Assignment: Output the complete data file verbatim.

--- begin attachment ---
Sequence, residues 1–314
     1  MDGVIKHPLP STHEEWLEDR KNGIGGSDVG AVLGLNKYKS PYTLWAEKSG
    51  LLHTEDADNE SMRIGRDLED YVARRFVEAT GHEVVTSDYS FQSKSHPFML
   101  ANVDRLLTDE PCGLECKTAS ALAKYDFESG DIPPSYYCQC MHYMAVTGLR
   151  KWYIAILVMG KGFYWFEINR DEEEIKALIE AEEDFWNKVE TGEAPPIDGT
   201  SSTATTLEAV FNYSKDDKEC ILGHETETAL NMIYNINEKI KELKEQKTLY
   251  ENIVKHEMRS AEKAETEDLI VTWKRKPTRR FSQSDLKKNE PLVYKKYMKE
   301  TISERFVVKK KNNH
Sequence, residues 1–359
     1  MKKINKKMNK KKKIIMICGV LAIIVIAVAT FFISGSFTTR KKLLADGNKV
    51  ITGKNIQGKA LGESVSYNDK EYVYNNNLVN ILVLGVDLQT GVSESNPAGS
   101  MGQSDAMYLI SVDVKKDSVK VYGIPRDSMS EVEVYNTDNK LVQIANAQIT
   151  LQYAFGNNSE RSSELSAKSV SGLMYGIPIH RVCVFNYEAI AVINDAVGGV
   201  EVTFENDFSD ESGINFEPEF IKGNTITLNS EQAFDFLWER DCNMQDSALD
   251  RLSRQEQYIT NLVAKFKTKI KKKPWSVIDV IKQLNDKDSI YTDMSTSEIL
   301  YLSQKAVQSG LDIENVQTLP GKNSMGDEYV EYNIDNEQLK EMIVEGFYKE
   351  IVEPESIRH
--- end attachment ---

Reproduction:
Sequence, residues 1–314
     1  MDGVIKHPLP STHEEWLEDR KNGIGGSDVG AVLGLNKYKS PYTLWAEKSG
    51  LLHTEDADNE SMRIGRDLED YVARRFVEAT GHEVVTSDYS FQSKSHPFML
   101  ANVDRLLTDE PCGLECKTAS ALAKYDFESG DIPPSYYCQC MHYMAVTGLR
   151  KWYIAILVMG KGFYWFEINR DEEEIKALIE AEEDFWNKVE TGEAPPIDGT
   201  SSTATTLEAV FNYSKDDKEC ILGHETETAL NMIYNINEKI KELKEQKTLY
   251  ENIVKHEMRS AEKAETEDLI VTWKRKPTRR FSQSDLKKNE PLVYKKYMKE
   301  TISERFVVKK KNNH
Sequence, residues 1–359
     1  MKKINKKMNK KKKIIMICGV LAIIVIAVAT FFISGSFTTR KKLLADGNKV
    51  ITGKNIQGKA LGESVSYNDK EYVYNNNLVN ILVLGVDLQT GVSESNPAGS
   101  MGQSDAMYLI SVDVKKDSVK VYGIPRDSMS EVEVYNTDNK LVQIANAQIT
   151  LQYAFGNNSE RSSELSAKSV SGLMYGIPIH RVCVFNYEAI AVINDAVGGV
   201  EVTFENDFSD ESGINFEPEF IKGNTITLNS EQAFDFLWER DCNMQDSALD
   251  RLSRQEQYIT NLVAKFKTKI KKKPWSVIDV IKQLNDKDSI YTDMSTSEIL
   301  YLSQKAVQSG LDIENVQTLP GKNSMGDEYV EYNIDNEQLK EMIVEGFYKE
   351  IVEPESIRH